F*ck Off.

Mon 20th – Sun 26th August 2018


Lauren James

at 08:44 on 21st Aug 2018



Despite the crudeness of it's title, ‘Fuck Off’ is a brilliantly subtle piece of theatre brought to life by a strong cast. The performance’s opening is completely engaging, immediately transporting the audience to the world of Henry M’Gill: a promising middleweight boxing champion who, masked by drug addiction and violence, desperately seeks human affection.

The piece’s triumph is the vulnerability with which the cast present their characters. Despite Henry’s aggression, evidenced in shockingly realistic scenes of domestic abuse, viewers empathise with the loneliness and frustration which Oli Dunbar reveals to us. Equally, we relate to Arieta Visoka’s portrayal of Karolina who, maltreated and devalued, strives for escape into a better life.

One of the underlying themes of the play is the exploration into the human desire to be loved and the subsequent impact of others denying this to us. This is encapsulated in the relationship between Jess and Henry which ultimately breaks down due to Henry’s addiction to drugs, resulting in the stripping of his licence to fight. Their chemistry is authentic, aided in their first intimate encounter by atmospheric lighting and the haunting vocals of James Blake’s ‘Retrogade’.

Both energy and pace are maintained throughout, culminating in the fight between M’Gill and his Mexican opponent. The analysis of the match is brought to life by the actors describing each round in turn. This is successful in that the audience appreciates the rawness and complexity of emotion felt by each throughout the encounter. Sadly, however, when Henry loses the fight, the play also loses its way somewhat. Its end is unsatisfactorily abrupt and, having become deeply invested in the four characters, we are left wanting to know their fates.

However, this does not detract from the quality of the acting and poignancy of Henry’s journey. ‘Fuck Off’ must be seen to appreciate the frustration of an outsider who has been pushed to the fringes of society. The play ensures that the realities of human nature are laid bare, enabling all audiences to relate to the pain, loneliness and anger which are synonymous with existence.


Sally Christmas

at 09:28 on 21st Aug 2018



'F*ck Off.' is a powerful play about conflict, both physical and emotional, that left me moved and wanting more. With some incredible acting and a clever script, this is exactly the type of show I’d been waiting to see.

The show mixes the difficulties of being a fresh face in the cut-throat world of boxing with a heart-wrenching emotional backstory. At times I found myself a little hazy on the finer details of the plot, and there was the odd moment that lacked a little polish, but honestly, the show was so good, it wasn’t hard to look past it.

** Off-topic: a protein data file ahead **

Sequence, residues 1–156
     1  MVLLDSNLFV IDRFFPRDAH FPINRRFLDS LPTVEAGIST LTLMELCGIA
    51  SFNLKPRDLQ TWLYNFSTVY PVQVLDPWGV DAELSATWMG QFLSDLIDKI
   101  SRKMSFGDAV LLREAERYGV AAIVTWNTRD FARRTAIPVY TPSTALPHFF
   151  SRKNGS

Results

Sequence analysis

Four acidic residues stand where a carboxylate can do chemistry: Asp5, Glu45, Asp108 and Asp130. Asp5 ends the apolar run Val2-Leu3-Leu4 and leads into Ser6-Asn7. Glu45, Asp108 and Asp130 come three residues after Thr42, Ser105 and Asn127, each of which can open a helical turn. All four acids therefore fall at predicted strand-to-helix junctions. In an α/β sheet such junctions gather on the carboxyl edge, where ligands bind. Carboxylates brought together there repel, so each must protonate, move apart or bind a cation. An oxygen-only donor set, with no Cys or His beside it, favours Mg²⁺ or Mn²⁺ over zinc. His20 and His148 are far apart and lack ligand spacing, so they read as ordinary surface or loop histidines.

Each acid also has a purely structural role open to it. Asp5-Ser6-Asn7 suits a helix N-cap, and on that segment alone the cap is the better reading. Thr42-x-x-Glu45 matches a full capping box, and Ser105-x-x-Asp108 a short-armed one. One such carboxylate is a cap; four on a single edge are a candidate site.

There’s nowhere to hide when you have a cast of just four, but every single person gave an amazing performance. Oli Dunbar, writer and lead, owns the role of up-and-coming boxer Henry M’Gill, and manages to show a broken man putting on a tough exterior with incredible skill and subtlety. A frustrating character, M’Gill is stubborn, irrational and defensive, but something in Dunbar’s performance makes you see the side of him he’s so desperate to hide. Despite all of his flaws, my heart went out to M’Gill again and again.

The rest of the cast is equally talented. You can’t help but feel for Billy Boy, M’Gill’s best friend and trainer, and by the end of the show the whole audience is rooting for Katarina, a character who could easily have been unlikeable. Jess is played extremely well by Stephanie Austin, who brilliantly showcases the difficulties that come from loving a man like M’Gill. And, like all great shows, this cast is somehow even better than the sum of its parts.

The performance was well directed, and with a contemporary script and creative staging, the show felt incredibly fresh. The boxing sequences were slick, and some terminology is slipped in well, adding to the authenticity without becoming a gimmick. The use of lighting and sound, particularly in the opening sequence, was brilliant at the setting the tone of the play.

'F*ck Off.' finishes with M’Gill at a crossroads, and I’d become so invested in his story that I couldn’t bear to watch it end when it did. The group are hoping to develop the piece further from a Fringe-size show to a full-length play, and if they do, I’ll be the first in line for a ticket. I would have loved to see the characters explored further, and having more stage time to work with could make the show into something truly breath-taking.

This is a show that packs a punch, both in and out of the boxing ring. With a great story, fantastic characters and even better performances, 'F*ck Off.' is not to be missed.


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